The Opera Mobile 10.1 beta runs on Android smartphones and brings tabbed browsing and other speed features as Opera continues to challenge Microsoft IE and Apple Mac Safari for space on the small screen.
A beta of the Opera Mobile 10.1 browser debuted on the Android smartphone platform challenging established players including Microsoft for control of the small screen.
Opera Mobile 10.1 beta was released on Nov. 9 and is available in the Android market at no cost. Opera Mobile is similar to the Opera Mini browser and users of Mini will see similarities between the two. According to Opera, the primary difference between the two offerings is that the Opera Presto browser engine is hosted on an Opera server while the engine is onboard in Opera Mobile. Mini is smaller and sometimes faster, but also sometimes slightly less accurate Website rendition, while Opera Mobile provided me with a very smooth user interface experience and snappy action during my tests. I used Opera Mobile 10.1 beta on a Samsung Vibrant Android handset running on the T-Mobile network.
Much of the Opera Mobile interface will be familiar to Opera Mini users. The Opera Mobile beta uses chiclet-like tiles showing open Web pages to help smartphone users jump to sites. The Web tiles are also used to organize the user browsing experience including a feature Opera calls "Speed Dial." In addition, I was able to set Opera Mobile as the default browser on my Vibrant and manage bookmarks and access my browser history quickly through the plain-but-serviceable user interface.
When the Opera Mobile beta was compared side-by-side with an Apple iPhone 4 running iOS 4.1, Opera Mobile held its ground. Double tapping on a New York Times story in Safari magnified the text column as did the Opera Mobile beta. On some sites, including eWEEK Labs, Safari correctly zeroed in on the text column I wanted to read while Opera Mobile targeted some of the art and stranded half the text column off screen.
Opera Mobile browser takes customization to a rather extraordinary level. For example, Opera Mobile includes password storage. I logged in to several passworded sites and Opera Mobile dutifully offered to remember my username and password for those sites. It's easy enough to access the password settings in Opera and to turn off the remember passwords feature. It is also easy to clear stored passwords. I'm all for user choice in how convenience features are added and used in mobile devices, but this is a feature that I would turn off, especially in a corporate setting. As of now, the feature is turned on by default.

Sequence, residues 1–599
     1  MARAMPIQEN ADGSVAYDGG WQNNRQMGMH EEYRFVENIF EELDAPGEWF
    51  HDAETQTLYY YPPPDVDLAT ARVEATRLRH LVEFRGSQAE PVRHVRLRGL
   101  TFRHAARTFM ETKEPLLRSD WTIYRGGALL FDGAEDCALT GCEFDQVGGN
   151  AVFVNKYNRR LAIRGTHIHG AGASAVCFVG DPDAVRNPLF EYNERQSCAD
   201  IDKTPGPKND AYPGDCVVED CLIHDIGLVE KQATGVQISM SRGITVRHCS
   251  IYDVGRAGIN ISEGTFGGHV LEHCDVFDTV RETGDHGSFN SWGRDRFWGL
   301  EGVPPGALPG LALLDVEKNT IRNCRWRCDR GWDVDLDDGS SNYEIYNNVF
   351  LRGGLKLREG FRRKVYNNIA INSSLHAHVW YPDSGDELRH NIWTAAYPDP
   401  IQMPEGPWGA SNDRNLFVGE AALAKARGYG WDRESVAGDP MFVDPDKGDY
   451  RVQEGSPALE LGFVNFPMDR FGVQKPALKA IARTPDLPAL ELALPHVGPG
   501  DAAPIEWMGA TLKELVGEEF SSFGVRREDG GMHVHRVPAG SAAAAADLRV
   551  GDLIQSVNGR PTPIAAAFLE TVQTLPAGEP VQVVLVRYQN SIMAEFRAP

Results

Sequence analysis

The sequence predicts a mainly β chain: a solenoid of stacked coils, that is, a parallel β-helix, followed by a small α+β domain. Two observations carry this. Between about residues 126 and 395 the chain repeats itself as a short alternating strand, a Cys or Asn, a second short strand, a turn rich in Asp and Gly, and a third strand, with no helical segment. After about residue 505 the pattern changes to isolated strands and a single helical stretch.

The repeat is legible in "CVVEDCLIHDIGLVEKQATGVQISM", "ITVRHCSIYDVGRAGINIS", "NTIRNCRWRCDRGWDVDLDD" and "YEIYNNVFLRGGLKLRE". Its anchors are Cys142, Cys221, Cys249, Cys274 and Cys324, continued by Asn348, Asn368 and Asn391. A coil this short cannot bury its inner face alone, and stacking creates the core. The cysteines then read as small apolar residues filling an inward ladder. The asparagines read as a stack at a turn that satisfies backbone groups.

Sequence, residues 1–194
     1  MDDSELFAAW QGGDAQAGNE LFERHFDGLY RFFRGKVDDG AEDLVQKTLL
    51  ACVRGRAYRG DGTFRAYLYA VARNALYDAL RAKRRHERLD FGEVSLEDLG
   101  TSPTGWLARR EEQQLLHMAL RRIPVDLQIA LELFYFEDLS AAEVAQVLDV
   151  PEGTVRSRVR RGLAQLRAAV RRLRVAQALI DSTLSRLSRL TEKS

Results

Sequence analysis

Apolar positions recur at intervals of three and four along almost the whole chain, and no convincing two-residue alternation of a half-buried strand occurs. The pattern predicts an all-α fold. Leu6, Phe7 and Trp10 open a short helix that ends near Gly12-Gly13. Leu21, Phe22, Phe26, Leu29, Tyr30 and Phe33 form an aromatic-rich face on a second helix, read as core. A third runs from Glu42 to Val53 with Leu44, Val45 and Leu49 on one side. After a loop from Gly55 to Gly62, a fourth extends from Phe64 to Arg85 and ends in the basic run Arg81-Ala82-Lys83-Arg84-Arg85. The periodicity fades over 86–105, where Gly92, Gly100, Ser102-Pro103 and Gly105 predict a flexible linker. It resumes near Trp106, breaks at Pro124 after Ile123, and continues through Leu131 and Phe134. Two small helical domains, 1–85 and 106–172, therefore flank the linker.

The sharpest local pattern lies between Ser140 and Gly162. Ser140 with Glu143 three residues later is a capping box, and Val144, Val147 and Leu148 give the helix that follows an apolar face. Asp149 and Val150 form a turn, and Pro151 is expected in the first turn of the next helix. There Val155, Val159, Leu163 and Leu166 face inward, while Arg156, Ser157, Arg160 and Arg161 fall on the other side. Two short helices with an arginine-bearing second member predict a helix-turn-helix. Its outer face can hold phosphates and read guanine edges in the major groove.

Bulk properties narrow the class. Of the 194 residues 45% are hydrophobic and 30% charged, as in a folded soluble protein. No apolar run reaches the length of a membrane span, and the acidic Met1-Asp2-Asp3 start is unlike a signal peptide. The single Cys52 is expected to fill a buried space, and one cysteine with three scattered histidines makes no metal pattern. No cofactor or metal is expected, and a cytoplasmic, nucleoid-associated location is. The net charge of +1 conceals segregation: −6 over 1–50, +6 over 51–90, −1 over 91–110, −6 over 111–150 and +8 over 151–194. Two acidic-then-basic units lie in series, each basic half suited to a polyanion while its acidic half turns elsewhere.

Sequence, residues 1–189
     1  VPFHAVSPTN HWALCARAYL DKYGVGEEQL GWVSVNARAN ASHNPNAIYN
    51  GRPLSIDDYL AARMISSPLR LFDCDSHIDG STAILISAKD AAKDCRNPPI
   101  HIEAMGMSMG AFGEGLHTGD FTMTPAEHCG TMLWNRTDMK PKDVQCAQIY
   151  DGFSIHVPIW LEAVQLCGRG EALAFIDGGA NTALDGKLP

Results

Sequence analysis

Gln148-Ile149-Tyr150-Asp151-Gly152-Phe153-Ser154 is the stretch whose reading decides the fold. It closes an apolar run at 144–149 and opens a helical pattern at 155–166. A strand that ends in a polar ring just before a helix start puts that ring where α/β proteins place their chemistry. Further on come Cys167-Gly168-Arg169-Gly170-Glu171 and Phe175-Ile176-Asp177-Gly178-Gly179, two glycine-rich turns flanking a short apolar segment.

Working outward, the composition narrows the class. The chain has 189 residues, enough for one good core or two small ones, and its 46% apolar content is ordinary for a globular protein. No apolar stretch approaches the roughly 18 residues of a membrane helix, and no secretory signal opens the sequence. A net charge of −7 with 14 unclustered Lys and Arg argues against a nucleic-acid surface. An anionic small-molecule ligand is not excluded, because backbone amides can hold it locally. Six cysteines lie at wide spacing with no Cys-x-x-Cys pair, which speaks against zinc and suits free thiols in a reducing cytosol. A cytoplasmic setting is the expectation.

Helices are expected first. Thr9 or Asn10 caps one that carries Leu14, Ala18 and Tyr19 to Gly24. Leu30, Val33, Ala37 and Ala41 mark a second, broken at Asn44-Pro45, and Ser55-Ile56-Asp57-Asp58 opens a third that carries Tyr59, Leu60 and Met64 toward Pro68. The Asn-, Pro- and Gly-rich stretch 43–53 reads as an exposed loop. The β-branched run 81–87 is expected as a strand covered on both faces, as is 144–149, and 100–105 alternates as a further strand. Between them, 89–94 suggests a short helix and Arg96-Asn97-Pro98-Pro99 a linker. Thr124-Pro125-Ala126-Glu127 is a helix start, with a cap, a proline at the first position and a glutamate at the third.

I used Opera Link to synchronize my browser bookmarks between instances of Opera installed on a variety of devices including my Windows 7 desktop and Opera Mobile installed on several Android phones including a Sanyo Zio running on the Sprint network. I used Opera Link, a no cost service provided by Opera to log in and then synchronize my bookmarks, notes and speed dial settings among all of the devices from which I accessed Opera Mobile. It proved handy to set up my bookmarks and speed dial settings on my PC and then let the Opera Link service keep my Android smartphone up to date.
Cameron Sturdevant is the executive editor of Enterprise Networking Planet. Prior to ENP, Cameron was technical analyst at PCWeek Labs, starting in 1997. Cameron finished up as the eWEEK Labs Technical Director in 2012. Before his extensive labs tenure Cameron paid his IT dues working in technical support and sales engineering at a software publishing firm . Cameron also spent two years with a database development firm, integrating applications with mainframe legacy programs. Cameron's areas of expertise include virtual and physical IT infrastructure, cloud computing, enterprise networking and mobility. In addition to reviews, Cameron has covered monolithic enterprise management systems throughout their lifecycles, providing the eWEEK reader with all-important history and context. Cameron takes special care in cultivating his IT manager contacts, to ensure that his analysis is grounded in real-world concern. Follow Cameron on Twitter at csturdevant, or reach him by email at email@example.com.